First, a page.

• Ginger (chopped into small pieces)
    • Blueberry-Lavender-Lemon

    Infusions for the batch brewed with the newer SCOBY (Velma):

    • Tangerine-Cayenne
    • Hibiscus-Ginger-Cardamom

    All of these flavors were wonderful...but a word of caution about powdered herbs and spices: a small amount goes a LONG way! At first sip of my hibiscus-ginger-cardamom infusion, I thought I had gone overboard with a mere 1/8 tsp of powdered cardamom for a liter of kombucha, but the flavor seemed to calm down as the brew aged. Ditto with the tangerine cayenne: it was spicy...but I loved the spice with the carbonation. Additionally, the hibiscus-cardamom-ginger batch was super fizzy, relative to all the other batches. Maybe it is something with the hibiscus flowers? Either way, it was super tasty and pretty.And finally, a note about the teas used: the older SCOBY (Scooby) was used in a sweet tea made from Rishi's Ruby Oolong, and the nutty flavors were sublime. The newer SCOBY (Velma) was used in a sweet tea made from Rishi's Golden Yunan, as used previously in batches #3 and #4. I didn't choose these combinations for any particular reason, but can assume that both the age of the SCOBY and type of tea used to brew the kombucha likely had an influence on the course of the fermenation.

    At any rate, here are the recipes for the second ferment infusions! Cheers!



    My Fifth 'Booch Brews // Brew Date: April 18, 2016 // 

    SCOBY: Newer Growth ("Velma")

    Tea: Rishi Tea CompanyGolden Yunnan a total of 3 TB tea, brewed for 8 minutes

    Sugar: 1 cup Organic Evaporated Cane Juice, purchased from Trader Joe's

    Water: PUR filtered water from our faucet


    SCOBY: Older Growth ("Scooby")

    Tea: Rishi Tea CompanyRuby Oolong a total of 3 TB tea, brewed for 8 minutes

    Sugar: 1 cup Organic Evaporated Cane Juice, purchased from Trader Joe's

    Water: PUR filtered water from our faucet

    Days Brewed: 8 days

    Temperature Notes: The average temperature, I would guess, for both gallon brewing jars would have been near to 80F. 



    Second Fermentation: I bottled into the same liter flip-top bottles, using a funnel, with all the tools I used cleaned in warm vinegar water. I got about 4 and 1/2 liters total, filling the bottles almost up to the top of the bottles, leaving very little headspace. I reserved 2 cups of the top-most kombucha with the scoby for the next batch, and then 2 cups for the SCOBY hotel in which I placed the older SCOBY, Scooby.

    pH at Bottling: 3.0 for both gallons

    Bottling Recipes: for this batch, I chose to get inspiration from recipes out of The Big Book of Kombucha, modifying them for my 1 liter bottles, and also trying my hand at creating a flavor that I love from NessAlla Kombucha here in Madison. 

    Hibiscus-Ginger-Cardamom // 1 liter // 

    • 1/8 tsp powdered cardamom
    • 1 tsp diced organic ginger root
    • 2 tsp hibiscus petals (got mine from the bulk tea/herb section at the Willy Street Coop)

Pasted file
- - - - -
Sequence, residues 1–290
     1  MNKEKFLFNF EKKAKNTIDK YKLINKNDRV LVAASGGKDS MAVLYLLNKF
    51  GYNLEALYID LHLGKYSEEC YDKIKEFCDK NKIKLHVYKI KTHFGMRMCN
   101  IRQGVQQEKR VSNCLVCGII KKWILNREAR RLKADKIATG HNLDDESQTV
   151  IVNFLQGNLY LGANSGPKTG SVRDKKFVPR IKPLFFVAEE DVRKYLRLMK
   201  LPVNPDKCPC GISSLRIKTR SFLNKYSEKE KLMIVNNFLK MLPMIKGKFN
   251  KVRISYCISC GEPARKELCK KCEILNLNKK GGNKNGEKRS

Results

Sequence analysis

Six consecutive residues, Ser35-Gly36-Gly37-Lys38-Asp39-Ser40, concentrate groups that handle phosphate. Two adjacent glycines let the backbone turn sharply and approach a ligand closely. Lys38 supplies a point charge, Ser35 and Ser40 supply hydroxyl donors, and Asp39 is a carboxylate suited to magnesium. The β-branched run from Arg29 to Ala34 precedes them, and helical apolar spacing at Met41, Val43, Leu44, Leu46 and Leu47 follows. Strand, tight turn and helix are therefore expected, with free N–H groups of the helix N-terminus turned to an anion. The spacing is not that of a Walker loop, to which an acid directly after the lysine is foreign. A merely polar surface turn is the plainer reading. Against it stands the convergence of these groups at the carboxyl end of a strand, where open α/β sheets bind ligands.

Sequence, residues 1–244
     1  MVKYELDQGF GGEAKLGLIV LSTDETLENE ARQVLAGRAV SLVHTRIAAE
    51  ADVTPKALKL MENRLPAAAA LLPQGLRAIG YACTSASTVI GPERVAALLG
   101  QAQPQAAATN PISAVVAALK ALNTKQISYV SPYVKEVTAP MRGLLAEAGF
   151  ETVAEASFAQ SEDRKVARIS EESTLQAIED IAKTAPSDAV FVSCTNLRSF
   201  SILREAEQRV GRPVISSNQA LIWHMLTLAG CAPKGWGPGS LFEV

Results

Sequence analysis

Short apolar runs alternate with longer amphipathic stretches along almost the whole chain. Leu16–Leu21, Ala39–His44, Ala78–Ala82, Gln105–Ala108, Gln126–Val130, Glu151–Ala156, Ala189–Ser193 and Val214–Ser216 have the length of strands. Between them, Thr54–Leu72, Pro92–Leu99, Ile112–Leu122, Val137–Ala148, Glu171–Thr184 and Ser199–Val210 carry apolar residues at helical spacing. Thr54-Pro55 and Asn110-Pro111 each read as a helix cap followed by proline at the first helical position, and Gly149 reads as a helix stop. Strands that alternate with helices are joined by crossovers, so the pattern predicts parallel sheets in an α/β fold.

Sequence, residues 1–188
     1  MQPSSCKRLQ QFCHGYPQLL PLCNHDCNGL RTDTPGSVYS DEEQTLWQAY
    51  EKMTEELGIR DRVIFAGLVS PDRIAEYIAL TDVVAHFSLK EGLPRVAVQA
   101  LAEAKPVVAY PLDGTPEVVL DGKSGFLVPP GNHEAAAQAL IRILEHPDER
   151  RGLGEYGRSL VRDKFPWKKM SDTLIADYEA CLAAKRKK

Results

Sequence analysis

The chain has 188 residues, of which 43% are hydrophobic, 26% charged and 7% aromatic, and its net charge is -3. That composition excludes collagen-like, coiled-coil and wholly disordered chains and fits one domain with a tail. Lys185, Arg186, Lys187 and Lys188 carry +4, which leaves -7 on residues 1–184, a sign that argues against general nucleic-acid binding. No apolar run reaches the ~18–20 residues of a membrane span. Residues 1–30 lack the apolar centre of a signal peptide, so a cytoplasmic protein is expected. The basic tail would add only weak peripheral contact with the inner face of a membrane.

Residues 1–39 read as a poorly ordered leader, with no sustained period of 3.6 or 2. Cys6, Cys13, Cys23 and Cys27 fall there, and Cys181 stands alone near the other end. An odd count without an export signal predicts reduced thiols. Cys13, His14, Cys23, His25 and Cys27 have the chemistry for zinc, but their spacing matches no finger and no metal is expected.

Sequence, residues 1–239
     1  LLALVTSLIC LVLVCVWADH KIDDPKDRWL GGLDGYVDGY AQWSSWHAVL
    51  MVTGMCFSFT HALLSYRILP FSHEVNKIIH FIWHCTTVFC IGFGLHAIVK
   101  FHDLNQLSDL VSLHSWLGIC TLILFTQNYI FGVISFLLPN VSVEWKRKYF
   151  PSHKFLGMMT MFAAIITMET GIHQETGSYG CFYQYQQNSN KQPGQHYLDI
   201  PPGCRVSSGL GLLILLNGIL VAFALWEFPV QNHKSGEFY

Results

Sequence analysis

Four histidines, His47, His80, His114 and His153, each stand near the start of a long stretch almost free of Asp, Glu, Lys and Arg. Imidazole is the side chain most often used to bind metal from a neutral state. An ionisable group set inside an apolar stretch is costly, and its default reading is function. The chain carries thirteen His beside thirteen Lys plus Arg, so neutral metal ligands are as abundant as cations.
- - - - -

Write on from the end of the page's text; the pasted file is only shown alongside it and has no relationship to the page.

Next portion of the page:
Tangerine-Cayenne // 1 liter //

    • 4 TB freshly squeezed tangerine juice
    • 1/8 tsp or small pinch powdered cayenne 

    Note: this flavor paired really well with Corona and Lime! I snuck in some of this into a wedding we went to last weekend...smart move on my part! 

    Blueberry-Lavender-Lemon // 1 liter //

    • 1/4 cup frozen wild blueberries
    • 1/2 tsp dried lavender, food-grade (also go mine from the bulk tea/herb section at the Willy Street Coop)
    • 1 TB freshly squeezed organic lemon juice

    Ginger // 1 liter //

    • 2 heaped tsp chopped organic ginger

    Simply add the ingredients to the bottles before adding kombucha. Tightly seal or close the flip-top lids, and allow the kombucha to sit in a warm, dark place. How long to allow the second fermentation to go is up to you! I let the bottles sit for 2 days to infuse with the flavorings, and then decided to strain out the infusion bits. For this process, I used my funnel, and line it with my Zimtal numilk/sprouting bag. After straining, I allowed the filtered liters of kombucha ferment at room temperature for the amount of time described above to attain the carbonation and acidic-flavors that I like, after which point I placed the liters in the fridge to slow fermentation.



    After a long run, an ice cold glass of kombucha! So darn refreshing.

  • The Fourth Brew: Hibiscus+ Grapefruit & Chamomile + Turmeric

    Moving onto the fourth batch! The gallon brewing process has been working really well for me, and the SCOBYs are multiplying (insert 1950s horror movie music). The warming temperatures are making it easier to keep temperatures regular without using our electric heat, and...I have a new source of knowledge and inspiration! I was gifted a (signed!!!!) copy of The Big Book of Kombucha, written by the founders of Kombucha Kamp, Hannah Crum and Alex LaGory, and WOW! What an awesome compilation of everything a homebrewer would need to know about getting started, brewing, maintenance, and what to do with all those extra SCOBYs as your brewing process continues. I would highly recommend this book to anyone who is curious or already a homebrewer of kombucha. I had the pleasure of seeing Hannah and Alex, along with the talented founders and brewers of Karma Kombucha and NessAlla Kombucha, teach a kombucha homebrewing class at the Good Food Festival (the one I went to back in March in Chicago). And yeah, saying that Hannah (and the rest of the bunch!) is passionate about brewing and kombucha as a whole is a complete understatement. What a fantastic community!